Chavez declared the strikers' demands unconstitutional and dismissed nearly half of PdVSA's work force--some 18,000 people. In 2003, the strike, along with currency controls, made Venezuela's economy even worse. The U.S. Energy Information Administration says real gross domestic product (GDP) contracted 29 percent in the first quarter of 2003, and 9.2 percent for the entire year, after already shrinking by 8.9 percent in 2002.
Oil production dropped from 3.3 million barrels per day in November 2002 to about 700,000 b/d in January 2003, EIA estimates say. PdVSA says that oil production has recovered to pre-strike levels. Outside observers, including former PdVSA employees, claim that current oil production levels in Venezuela are considerably lower. Furthermore, many analysts believe investment capital needed to bring production up is not materializing largely because of the political uncertainty
The Coming Recall Vote
Now Chavez's political opposition--Coordinadora Democrática--focuses on three main allegations: that Chavez failed to stimulate economic recovery, achieve social stability, or foster Venezuela's unity. Chavez counters with a populist appeal focused on the success of literacy programs, improvements to the country's health care system, and reforms in education.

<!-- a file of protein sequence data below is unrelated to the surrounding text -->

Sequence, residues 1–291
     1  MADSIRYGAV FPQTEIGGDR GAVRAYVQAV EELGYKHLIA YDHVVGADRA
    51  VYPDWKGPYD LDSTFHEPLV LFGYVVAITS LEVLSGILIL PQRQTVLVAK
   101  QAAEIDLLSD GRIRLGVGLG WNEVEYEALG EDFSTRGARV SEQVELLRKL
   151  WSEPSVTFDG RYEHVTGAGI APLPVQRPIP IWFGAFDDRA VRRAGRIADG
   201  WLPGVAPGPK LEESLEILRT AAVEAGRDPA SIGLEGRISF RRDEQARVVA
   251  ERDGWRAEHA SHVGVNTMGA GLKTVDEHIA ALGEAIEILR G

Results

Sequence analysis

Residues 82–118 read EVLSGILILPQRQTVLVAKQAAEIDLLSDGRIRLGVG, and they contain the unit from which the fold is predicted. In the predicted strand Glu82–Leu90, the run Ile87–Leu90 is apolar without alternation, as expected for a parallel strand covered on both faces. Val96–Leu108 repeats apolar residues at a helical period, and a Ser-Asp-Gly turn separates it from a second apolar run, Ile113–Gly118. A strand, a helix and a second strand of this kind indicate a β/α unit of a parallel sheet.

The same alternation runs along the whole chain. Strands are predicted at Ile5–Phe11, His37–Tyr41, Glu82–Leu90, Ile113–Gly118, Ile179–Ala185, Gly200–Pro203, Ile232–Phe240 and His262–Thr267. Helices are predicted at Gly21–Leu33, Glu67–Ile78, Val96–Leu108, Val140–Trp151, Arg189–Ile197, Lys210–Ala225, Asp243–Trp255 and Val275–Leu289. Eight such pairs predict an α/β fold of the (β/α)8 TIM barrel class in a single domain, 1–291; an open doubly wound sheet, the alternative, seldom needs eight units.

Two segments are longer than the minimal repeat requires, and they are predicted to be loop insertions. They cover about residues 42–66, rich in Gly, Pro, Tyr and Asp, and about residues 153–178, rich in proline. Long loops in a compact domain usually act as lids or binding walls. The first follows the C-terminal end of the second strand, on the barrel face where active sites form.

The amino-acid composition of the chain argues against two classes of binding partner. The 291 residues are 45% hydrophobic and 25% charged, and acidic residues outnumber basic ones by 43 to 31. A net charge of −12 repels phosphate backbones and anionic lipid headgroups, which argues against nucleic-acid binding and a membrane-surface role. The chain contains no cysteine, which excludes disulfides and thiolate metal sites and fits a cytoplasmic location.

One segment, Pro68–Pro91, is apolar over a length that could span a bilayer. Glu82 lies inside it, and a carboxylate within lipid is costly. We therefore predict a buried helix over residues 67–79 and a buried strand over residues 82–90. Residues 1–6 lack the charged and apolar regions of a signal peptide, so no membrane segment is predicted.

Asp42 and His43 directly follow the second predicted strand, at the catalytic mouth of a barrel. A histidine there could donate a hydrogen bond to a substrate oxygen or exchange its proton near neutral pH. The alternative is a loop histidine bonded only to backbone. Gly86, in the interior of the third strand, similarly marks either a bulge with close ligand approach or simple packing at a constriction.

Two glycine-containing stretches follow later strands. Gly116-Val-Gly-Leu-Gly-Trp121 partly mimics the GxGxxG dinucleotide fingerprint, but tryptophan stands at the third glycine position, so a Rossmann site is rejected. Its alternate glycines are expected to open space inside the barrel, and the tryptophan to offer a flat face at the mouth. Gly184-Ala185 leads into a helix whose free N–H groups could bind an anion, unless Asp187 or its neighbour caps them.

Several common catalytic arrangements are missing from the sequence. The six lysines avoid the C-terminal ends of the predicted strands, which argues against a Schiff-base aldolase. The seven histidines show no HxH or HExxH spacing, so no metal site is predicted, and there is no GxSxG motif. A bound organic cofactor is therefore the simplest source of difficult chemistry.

In mid-June, the European Union (EU) volunteered to monitor the referendum. Envoys from the Organization of American States (OAS) and the Carter Center observed the signature-gathering stages of the referendum drive, but it has not been disclosed whether or not they will be in Venezuela this August. Chavez feels the media and pollsters are opposing him. Government supporters have long complained of bias from Venezuela's media outlets.
Packing the Court
Chavez has lately achieved two successes which may affect the referendum: a new law which will allow him to pack the Venezuelan Supreme Court, and a reactivated organization for regional energy cooperation called PetroAmerica.
The new law, which Human Rights Watch has denounced as a court packing scheme, was signed last month. It expands the Supreme Court from 20 to 32 members. This empowers Chavez's governing coalition, which has only a slim majority in the legislature, to obtain an overwhelming majority of seats on the Supreme Court. The law also gives the governing coalition the power to nullify existing judges' appointments to the bench.